- Introduction Have past business-planning efforts left you and your team frustrated with the process? Are you unable to come up with plans that are actionable, accountable and results-oriented? Do your business plans end up gathering dust on the shelf rather than driving performance in your company?
- You’re not alone.
For too many companies, annual planning is a complicated and time-consuming process that frustrates employees and accomplishes little. But it doesn’t have to be that way. With one-page business planning (OPBP), you and your team can quickly and easily agree on and align around a set of strategies and objectives. More important, you can then effectively implement those plans without experiencing the frustrations normally associated with the planning process.
A Results Orientation
The essence of the OPBP system is that each manager, executive, and key employee is asked to reduce their part of the typically thick corporate planning documents to a single page. On this page they put their understanding of what they are personally responsible for doing — their piece of the company’s plan.
Specifically, the OPBP requires everyone to write the following for their position, company or department:
- A vision statement
- A mission statement
- A set of measurable objectives, with scorecards
- A set of longer-term strategies
- A list of action plans or tasks to be accomplished, with due dates, and with running progress reports on each
- Once the pages are written, they are reviewed by everyone on the team and used to manage the implementation process. The system is easy to implement, and can be used for running the planning processes with companies of any size.Multiple BenefitsIn addition to being quicker and easier than traditional planning, the one-page business planning process offers many important benefits:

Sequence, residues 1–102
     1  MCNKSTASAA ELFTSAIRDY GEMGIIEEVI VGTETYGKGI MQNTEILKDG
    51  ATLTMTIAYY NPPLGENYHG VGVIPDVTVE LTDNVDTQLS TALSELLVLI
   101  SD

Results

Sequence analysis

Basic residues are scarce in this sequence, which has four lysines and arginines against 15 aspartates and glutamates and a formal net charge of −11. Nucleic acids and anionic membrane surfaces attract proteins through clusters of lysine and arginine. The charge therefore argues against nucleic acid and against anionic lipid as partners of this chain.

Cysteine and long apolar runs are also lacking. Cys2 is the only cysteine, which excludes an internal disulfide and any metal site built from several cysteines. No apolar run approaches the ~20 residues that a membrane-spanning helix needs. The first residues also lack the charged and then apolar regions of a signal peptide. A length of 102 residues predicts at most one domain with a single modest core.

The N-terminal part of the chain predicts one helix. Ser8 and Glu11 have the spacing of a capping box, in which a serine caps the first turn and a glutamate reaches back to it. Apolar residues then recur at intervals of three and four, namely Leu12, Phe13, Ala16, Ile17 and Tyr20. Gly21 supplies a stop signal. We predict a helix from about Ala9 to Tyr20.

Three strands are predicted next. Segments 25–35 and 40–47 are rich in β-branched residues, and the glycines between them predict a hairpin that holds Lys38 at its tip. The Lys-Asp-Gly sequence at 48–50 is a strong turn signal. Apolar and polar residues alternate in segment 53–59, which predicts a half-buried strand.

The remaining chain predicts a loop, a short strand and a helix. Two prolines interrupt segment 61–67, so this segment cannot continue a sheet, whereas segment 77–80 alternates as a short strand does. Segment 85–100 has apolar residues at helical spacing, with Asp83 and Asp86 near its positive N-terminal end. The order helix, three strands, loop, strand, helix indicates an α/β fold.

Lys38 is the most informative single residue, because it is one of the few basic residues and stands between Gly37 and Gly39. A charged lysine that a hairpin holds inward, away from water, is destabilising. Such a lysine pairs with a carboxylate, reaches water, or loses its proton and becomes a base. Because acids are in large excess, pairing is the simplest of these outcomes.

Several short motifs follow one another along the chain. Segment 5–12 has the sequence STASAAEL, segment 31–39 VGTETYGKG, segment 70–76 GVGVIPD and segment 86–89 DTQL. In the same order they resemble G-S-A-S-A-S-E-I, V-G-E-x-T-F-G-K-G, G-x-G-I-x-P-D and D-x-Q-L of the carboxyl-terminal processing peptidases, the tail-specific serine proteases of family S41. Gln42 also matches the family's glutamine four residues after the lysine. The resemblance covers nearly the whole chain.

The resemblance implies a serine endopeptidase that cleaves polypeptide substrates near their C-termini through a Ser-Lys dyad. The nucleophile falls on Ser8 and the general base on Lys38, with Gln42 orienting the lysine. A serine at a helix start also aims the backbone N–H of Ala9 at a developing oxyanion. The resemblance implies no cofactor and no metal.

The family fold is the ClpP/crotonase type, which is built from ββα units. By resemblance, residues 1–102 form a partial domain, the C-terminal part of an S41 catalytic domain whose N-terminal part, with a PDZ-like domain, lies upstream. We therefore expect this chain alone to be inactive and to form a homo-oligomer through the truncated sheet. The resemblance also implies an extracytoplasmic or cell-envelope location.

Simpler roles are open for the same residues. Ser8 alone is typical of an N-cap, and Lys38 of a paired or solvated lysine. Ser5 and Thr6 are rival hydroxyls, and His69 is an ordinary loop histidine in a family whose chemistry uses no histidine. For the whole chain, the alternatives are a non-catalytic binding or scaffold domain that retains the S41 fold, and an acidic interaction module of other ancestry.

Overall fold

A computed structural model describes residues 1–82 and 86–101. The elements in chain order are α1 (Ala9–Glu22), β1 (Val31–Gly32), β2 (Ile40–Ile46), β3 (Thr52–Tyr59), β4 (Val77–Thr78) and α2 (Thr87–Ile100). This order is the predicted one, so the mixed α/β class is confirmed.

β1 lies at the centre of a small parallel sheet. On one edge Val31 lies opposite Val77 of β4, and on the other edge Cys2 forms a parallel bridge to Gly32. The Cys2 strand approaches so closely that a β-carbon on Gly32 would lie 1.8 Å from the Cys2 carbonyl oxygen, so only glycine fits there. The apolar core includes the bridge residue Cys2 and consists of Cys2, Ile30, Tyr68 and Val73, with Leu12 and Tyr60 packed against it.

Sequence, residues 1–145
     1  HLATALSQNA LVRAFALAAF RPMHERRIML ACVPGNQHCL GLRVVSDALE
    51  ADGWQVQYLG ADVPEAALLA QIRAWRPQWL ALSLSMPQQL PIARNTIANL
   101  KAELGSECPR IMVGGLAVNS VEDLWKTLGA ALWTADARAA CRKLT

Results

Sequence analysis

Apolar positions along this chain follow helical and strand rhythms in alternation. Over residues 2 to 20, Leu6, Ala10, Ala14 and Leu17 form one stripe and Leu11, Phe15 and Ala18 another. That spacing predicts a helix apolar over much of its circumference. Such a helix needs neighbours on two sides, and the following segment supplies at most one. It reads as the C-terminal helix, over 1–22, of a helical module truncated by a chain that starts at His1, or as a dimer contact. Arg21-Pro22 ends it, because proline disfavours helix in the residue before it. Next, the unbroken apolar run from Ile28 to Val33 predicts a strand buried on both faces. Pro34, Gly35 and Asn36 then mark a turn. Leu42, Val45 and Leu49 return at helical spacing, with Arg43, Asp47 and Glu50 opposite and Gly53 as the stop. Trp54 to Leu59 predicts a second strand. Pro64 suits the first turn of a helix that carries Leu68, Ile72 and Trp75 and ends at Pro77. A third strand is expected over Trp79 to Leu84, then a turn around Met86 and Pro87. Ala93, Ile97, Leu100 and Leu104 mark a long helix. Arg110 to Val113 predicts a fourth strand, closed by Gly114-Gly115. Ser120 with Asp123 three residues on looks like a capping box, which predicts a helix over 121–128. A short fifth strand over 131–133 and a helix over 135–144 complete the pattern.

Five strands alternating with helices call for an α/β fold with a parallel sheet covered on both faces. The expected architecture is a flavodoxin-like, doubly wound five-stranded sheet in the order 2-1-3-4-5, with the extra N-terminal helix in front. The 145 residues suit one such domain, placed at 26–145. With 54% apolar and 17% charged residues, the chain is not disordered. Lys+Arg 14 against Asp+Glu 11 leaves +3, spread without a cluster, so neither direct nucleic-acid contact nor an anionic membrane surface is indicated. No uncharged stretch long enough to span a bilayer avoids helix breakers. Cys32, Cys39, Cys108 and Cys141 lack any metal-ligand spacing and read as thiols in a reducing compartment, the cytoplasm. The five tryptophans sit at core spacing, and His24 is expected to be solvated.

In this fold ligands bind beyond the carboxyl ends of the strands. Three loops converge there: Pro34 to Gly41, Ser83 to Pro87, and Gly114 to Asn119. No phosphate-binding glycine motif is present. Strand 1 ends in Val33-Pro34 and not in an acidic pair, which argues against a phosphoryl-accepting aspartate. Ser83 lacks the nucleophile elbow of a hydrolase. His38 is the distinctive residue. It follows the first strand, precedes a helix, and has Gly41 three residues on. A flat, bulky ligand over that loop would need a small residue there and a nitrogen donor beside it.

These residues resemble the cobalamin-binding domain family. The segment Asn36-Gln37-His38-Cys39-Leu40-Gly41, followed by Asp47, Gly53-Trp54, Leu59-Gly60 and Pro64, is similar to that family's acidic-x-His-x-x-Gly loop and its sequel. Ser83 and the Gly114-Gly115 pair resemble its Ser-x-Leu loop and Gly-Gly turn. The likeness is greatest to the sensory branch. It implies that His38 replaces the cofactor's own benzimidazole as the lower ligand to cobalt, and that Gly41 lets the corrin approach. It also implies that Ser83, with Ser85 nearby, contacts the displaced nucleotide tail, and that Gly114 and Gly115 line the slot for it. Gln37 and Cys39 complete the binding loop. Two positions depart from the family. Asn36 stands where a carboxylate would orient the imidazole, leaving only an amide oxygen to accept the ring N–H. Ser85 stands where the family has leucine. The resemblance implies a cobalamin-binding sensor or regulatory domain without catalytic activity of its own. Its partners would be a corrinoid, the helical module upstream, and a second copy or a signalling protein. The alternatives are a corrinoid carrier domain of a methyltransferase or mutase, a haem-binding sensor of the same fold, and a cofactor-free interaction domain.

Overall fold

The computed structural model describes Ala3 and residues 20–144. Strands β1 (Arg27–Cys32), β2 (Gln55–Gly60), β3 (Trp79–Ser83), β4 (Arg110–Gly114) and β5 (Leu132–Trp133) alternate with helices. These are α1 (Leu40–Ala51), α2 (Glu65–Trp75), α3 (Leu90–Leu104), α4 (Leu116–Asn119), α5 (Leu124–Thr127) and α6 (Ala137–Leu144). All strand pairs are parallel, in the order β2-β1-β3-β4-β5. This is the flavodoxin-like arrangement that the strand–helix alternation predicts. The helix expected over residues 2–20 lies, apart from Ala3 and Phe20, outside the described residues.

- Focus on results. The structure of OPBP focuses everyone on results. Every employee describes the results they expect to produce, and every month they track their results. Accountability is always present.
- Better allocation of resources. The OBPB process requires each person to find appropriate measures for tracking performance. These measures are not imposed from outside. Instead, OPBP requires everyone to think through the right measures for their respective functions and how to allocate resources accordingly.
- Get everyone excited. Because people aren’t inundated with reams of paper and endless meetings, they can devote their time to thinking through how to be more effective in their jobs in the coming year. Rather than considering planning a time-consuming project with little payoff, people get excited about the process and the usefulness of the results.
- Easy adjustments. With OPBP, all the information is in the same format with the same level of detail. And because everything is on one page, making changes is effortless. Plans can be changed “on the fly” in meetings as better ways to get things done are discussed, and people can watch the process take place as it happens in real time.